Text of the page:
Saturday, 7 June 2014

What I read in May

May didn't feel too busy but as I only managed to finish 3 books, I have to assume that my social life ramped up a gear. The things I do remember doing are a) London whisky festival, b) Cambridge beer festival and c) an engagement party where approx 60 bottles of fizz were consumed (no lie). I suppose those may have slightly reduced my reading time a tad. Anyway, I read three books, very varied this month; historical fiction, YA and a war autobiography. Who says I'm not cultered? Nobody, nobody says that.

Burial Rites - Hannah Kent (Paperback) 8/10

I was lucky enough to be given a copy of this by The Reading Agency so I could take part in their Bailey's Prize readalong. Set in Iceland in 1829, this is the story of Agnes Magnúsdóttir, who has been sentenced to death for the murder of her lover. While awaiting her execution she is sent to stay with a farming family, in a barren and brutal landscape. There's sadness, mystery and even a bit of humour sprinkled throughout Agnes' story, and in time her hosts find out there is more to their guest than they first suspected.

I really enjoyed this book and was hooked from just a few pages in. Kent's descriptions of the Icelandic landscape are so evocative that I felt transported to the early 19th century every time I picked it up and I've since given it to my sister who finished it in 2 days. Unfortunately it didn't win the Bailey's Prize but I remain adamant that it was a worthy choice for the shortlist.

We Were Liars - E. Lockhart (Kindle) 9/10

Cadence Sinclair spends every summer with her extended family on a private island near Martha's Vineyard; swimming with her cousins, picnicking on hidden beaches and planning their privileged futures. But two years ago she suffered an accident which has left her memories of the island loosely pieced together.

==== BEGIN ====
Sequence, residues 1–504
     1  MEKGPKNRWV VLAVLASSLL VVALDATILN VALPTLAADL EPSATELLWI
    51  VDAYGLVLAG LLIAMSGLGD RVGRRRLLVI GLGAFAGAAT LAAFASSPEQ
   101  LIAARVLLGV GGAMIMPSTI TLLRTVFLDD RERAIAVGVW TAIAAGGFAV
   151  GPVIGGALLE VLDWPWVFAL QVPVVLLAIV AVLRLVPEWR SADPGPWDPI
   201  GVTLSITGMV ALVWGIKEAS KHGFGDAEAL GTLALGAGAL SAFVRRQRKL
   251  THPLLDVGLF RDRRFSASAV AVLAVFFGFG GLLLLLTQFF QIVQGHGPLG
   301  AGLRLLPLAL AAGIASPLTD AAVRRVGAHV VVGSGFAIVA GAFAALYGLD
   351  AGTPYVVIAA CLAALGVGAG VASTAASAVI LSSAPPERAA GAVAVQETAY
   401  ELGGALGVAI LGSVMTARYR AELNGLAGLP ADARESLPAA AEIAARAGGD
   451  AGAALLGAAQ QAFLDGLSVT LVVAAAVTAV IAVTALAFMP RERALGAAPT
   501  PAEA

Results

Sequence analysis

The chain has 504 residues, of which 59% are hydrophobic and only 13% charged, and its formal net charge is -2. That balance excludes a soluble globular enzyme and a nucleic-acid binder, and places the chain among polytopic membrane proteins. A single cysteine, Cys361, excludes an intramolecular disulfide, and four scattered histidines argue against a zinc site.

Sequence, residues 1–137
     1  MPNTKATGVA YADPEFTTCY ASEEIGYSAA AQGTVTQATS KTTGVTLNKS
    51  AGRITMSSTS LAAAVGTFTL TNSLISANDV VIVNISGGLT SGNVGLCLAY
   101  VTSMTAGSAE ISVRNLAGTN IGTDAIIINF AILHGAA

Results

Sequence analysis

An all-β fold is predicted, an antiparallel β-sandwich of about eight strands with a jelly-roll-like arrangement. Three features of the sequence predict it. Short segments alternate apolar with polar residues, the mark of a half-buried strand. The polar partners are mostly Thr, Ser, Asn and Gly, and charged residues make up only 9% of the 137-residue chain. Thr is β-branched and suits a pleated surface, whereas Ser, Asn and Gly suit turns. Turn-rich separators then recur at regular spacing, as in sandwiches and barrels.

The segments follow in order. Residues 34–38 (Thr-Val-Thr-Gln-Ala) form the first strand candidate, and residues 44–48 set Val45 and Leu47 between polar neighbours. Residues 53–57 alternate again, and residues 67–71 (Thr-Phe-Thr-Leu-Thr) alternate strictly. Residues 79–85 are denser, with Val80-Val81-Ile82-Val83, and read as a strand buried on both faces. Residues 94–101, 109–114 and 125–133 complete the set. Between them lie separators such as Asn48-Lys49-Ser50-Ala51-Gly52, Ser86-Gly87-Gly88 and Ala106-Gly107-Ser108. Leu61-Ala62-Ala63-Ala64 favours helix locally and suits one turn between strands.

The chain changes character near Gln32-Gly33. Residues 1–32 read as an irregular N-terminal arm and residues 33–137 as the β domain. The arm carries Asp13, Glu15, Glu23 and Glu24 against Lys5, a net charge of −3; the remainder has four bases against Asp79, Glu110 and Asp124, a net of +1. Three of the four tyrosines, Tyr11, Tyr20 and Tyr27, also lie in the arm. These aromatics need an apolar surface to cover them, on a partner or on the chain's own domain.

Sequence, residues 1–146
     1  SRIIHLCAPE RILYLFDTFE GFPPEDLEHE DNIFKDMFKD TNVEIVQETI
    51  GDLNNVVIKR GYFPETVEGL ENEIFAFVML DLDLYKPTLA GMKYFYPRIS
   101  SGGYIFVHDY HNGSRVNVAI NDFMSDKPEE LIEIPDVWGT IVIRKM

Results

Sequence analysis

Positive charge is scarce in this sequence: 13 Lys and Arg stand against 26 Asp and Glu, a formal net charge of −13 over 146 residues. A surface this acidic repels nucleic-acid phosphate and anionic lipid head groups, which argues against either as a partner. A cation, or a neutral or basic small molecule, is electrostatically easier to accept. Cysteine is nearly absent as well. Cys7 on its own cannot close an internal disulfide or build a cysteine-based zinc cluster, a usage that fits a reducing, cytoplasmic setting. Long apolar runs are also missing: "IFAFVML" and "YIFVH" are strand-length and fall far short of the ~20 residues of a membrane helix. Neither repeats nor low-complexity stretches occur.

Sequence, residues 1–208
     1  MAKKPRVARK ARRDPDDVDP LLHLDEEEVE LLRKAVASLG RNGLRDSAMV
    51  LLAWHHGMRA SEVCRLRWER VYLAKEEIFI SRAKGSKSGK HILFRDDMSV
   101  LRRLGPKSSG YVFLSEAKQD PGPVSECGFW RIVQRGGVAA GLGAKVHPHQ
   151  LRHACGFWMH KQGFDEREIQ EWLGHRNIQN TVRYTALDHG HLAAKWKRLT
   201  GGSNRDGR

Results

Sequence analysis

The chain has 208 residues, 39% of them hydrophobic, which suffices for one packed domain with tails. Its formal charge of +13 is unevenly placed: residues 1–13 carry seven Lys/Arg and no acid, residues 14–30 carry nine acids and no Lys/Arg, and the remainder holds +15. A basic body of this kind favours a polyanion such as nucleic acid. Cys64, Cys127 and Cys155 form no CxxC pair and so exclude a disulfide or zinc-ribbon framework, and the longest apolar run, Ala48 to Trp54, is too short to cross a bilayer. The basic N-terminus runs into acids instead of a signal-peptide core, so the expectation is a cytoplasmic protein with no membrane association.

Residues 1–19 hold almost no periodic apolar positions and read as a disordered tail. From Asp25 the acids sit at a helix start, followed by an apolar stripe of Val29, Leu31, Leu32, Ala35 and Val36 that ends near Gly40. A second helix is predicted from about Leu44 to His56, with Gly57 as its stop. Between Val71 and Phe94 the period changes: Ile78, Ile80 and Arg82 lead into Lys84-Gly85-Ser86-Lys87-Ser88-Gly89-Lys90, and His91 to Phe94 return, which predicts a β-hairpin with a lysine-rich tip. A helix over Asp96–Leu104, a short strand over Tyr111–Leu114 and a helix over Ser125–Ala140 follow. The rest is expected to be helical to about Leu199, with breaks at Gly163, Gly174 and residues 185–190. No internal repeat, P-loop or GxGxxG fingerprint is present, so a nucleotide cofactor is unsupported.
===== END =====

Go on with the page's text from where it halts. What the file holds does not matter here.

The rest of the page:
This is definitely one of those books that is more enjoyable when you don't know much about it so I won't say more than that except to say it's excellent and I am urging everyone to read it. Technically it's YA, but any fans of heady summer mysteries will love it.

I've got a real soft spot for books where families are reunited for a trip so this was always going to be a winner for me. It reminded me a lot of Tigers in Red Weather, one of my favourite read from 2013 that I'd also recommend if that's your thing too!

A LITTLE HEADS UP! We Were Liars is only £1.89 on Kindle right now. Seriously, go get it.

Goodbye to All That (Penguin Modern Classics) - Robert Graves (Kindle) 4/10

With this being the centenary year of World War One, my book club opted to read some war literature this month. I've never studied WW1, and only studied WW2 up to GCSE so this is probably the first time I've read about this war in over a decade. 

It's a hard book to say that I liked, mainly because of the subject matter but also because the author wasn't very likeable in my opinion. I was quite shocked at how blasé he was about the many deaths he witnessed, the tragedies surrounding him boiled down to an off the cuff remark. It's impossible for me to know what that experience was like though, and in reality I expect that was just Graves' way of dealing with what happened to him and his friends.

Worth picking up if you are looking to commemorate the centenary with a book or two.

Today I'm off to Spain for a week as my little sister is getting married over there. There have been various discussions in this house about what books to take and at one point I think I'd packed about ten! Have whittled it down now though, but get set for June's round-up which should hopefully be jam-packed!

Leave me a comment or tweet me and let me know what you've been reading lately.